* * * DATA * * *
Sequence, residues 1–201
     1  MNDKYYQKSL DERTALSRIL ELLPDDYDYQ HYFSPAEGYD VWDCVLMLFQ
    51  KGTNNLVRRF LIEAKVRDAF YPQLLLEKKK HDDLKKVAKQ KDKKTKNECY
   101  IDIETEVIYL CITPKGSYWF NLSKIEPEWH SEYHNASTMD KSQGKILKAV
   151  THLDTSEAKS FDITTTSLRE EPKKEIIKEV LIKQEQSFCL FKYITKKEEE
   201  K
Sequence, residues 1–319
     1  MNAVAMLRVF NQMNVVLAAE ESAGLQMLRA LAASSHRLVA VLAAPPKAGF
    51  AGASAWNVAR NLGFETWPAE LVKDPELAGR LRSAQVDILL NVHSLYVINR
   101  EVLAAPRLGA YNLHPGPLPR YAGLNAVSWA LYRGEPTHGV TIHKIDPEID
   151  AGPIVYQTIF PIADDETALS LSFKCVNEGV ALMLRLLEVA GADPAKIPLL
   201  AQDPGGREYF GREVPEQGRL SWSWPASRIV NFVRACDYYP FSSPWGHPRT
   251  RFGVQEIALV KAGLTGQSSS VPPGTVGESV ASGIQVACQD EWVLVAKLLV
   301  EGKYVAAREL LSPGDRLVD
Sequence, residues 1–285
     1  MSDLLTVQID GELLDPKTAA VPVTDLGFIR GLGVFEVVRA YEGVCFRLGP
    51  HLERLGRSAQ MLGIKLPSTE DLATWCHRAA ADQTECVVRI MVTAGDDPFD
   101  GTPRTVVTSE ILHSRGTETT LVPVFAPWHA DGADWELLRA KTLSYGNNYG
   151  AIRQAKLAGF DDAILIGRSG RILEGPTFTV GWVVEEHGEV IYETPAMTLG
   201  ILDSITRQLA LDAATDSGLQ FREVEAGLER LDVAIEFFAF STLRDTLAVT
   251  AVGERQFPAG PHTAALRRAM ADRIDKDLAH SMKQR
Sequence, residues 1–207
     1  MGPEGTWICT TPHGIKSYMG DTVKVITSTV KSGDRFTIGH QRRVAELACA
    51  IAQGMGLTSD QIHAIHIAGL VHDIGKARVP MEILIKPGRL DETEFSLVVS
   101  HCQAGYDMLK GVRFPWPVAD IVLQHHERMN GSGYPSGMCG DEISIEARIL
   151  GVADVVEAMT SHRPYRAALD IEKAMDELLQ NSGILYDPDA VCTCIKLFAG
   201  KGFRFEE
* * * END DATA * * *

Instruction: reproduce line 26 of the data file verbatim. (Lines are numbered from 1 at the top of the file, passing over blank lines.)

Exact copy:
   151  GVADVVEAMT SHRPYRAALD IEKAMDELLQ NSGILYDPDA VCTCIKLFAG